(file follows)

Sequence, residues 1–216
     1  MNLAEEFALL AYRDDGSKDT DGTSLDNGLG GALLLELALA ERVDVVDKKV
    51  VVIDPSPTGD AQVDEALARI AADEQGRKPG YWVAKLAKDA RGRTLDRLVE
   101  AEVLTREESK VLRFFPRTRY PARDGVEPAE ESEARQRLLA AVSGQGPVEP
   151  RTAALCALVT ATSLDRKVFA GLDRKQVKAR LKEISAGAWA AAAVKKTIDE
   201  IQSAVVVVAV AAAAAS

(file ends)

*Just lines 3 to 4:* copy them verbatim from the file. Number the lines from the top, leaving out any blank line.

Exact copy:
    51  VVIDPSPTGD AQVDEALARI AADEQGRKPG YWVAKLAKDA RGRTLDRLVE
   101  AEVLTREESK VLRFFPRTRY PARDGVEPAE ESEARQRLLA AVSGQGPVEP